Print 16 comment(s) - last by GeorgeOrwell.. on Dec 4 at 9:16 PM

McAfee report says the Internet is set for the next Cold War

Cybercrime is a growing concern for everyone. Simply shopping at a store where your credit card information is databased can lead to an account information being stolen by hackers, as when TJ Maxx had its credit card database penetrated in March of 2007.

However, there are much bigger concerns when it comes to cybercrime, those of national security. In June of 2007, the Pentagon computer networks were hacked from attackers based in China. While the Chinese government denied any involvement the U.S. government called it “one of the most successful cyber attacks” perpetrated on the Department of Defense.

McAfee, a company best known for PC anti-virus software, put out its 22-page Virtual Criminology Report (PDF) which highlights three major findings. The report states a growing threat to national security will occur due to more sophisticated Web-based espionage.

The second point is that the growing attacks are threatening online services and eroding public trust in Internet services. The third, most relishing, point is the rise of a sophisticated market for software flaws used to carry out attacks and espionage on networked systems -- a Black Cybermarket.

The report points out that, today, a malicious user doesn’t even need the technical ability to write code or compromise systems. These new criminals can actually lease a botnet that is already in place to carry out various nefarious acts and attacks in cyberspace.

Peter Sommer from the London School of Economics, an expert in information systems and innovation, states in the report, “There are signs that intelligence agencies around the world are constantly probing other governments’ networks looking for strengths and weaknesses and developing new ways to gather intelligence.” McAfee thinks that cyberspace is the battleground for this century's Cold War and many agree.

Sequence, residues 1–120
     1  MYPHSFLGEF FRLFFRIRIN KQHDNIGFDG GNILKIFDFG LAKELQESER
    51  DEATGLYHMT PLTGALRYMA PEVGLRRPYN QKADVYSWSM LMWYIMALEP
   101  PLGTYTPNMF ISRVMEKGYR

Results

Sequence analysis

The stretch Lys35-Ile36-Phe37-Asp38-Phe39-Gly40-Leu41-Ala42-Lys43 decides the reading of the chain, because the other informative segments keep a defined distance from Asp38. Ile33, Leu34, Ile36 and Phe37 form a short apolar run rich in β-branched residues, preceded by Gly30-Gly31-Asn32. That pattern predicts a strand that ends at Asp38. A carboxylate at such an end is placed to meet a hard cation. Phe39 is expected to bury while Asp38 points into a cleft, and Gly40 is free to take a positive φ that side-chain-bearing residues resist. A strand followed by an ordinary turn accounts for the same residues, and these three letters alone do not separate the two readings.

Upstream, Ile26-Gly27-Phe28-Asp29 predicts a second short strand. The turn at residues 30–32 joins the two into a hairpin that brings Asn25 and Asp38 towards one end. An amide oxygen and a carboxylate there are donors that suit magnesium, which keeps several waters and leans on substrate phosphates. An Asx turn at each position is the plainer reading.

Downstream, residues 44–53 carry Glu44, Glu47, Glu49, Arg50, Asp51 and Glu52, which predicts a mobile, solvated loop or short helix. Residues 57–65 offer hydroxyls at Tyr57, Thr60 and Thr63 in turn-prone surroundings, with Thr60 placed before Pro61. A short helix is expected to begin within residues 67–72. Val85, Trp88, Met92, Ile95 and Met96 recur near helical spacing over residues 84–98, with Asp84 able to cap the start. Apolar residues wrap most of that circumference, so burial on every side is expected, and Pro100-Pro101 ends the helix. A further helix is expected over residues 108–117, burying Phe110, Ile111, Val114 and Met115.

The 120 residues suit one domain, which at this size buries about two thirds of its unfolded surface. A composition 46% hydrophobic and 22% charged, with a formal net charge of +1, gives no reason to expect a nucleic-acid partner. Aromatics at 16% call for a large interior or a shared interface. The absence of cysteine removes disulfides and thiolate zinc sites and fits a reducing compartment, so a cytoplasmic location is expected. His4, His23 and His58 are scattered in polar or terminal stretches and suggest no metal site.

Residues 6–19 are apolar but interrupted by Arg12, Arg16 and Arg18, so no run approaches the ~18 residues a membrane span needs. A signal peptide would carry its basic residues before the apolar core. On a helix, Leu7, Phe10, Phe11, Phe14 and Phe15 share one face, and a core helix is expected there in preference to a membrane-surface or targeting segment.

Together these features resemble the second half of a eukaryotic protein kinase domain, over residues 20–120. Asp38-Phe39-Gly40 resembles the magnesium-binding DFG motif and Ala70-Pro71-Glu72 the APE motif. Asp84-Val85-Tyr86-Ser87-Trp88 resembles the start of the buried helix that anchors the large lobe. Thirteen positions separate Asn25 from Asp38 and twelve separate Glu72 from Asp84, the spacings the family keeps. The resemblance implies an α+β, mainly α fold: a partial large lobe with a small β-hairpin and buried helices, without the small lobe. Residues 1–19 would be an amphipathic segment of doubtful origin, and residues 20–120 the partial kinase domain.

Comments     Threshold

This article is over a month old, voting and posting comments is disabled

By vhx on 12/1/2007 8:49:08 PM , Rating: 4
How long do you all think a new bill/law be passed where they can monitor every computer whenever they want with no authorization or oversight while citing National Security? Or where they setup some type of routing at the ISP level where they can monitor everything. Should be fun.

RE: So...
By Noya on 12/1/2007 10:36:53 PM , Rating: 2
Is your question a joke?

There was an article on this site a few weeks ago citing that the NSA has a "big room filled with servers" right next to AT&T's hub or whatever. It's already happening and has probably been happening for quite a while...

RE: So...
By Christopher1 on 12/2/07, Rating: 0
RE: So...
By FITCamaro on 12/2/2007 11:16:28 AM , Rating: 2
No they do monitor traffic. They just don't store anything and everything. The software flags things that meet a certain criteria, and then its passed on to live people for them to check out. If its worth pursuing, they will. But no, there are not rooms full of people at every major internet hub, sitting there live reviewing all internet traffic.

RE: So...
By TomZ on 12/2/2007 12:00:12 PM , Rating: 2
Also, I would add that the NSA is probably focusing more on matters of national security than child pornography with these types of monitoring systems.

RE: So...
By camped69 on 12/3/2007 12:45:37 PM , Rating: 3
ALREADY HAPPENING! Get active and save this Republic. Vote Ron Paul '08. He is the ONLY one who is not a globalist with a fascist agenda. The sovereignty of our nation is at stake.

Legalize the Constitution.

"What would I do? I'd shut it down and give the money back to the shareholders." -- Michael Dell, after being asked what to do with Apple Computer in 1997

Copyright 2016 DailyTech LLC. - RSS Feed | Advertise | About Us | Ethics | FAQ | Terms, Conditions & Privacy Information | Kristopher Kubicki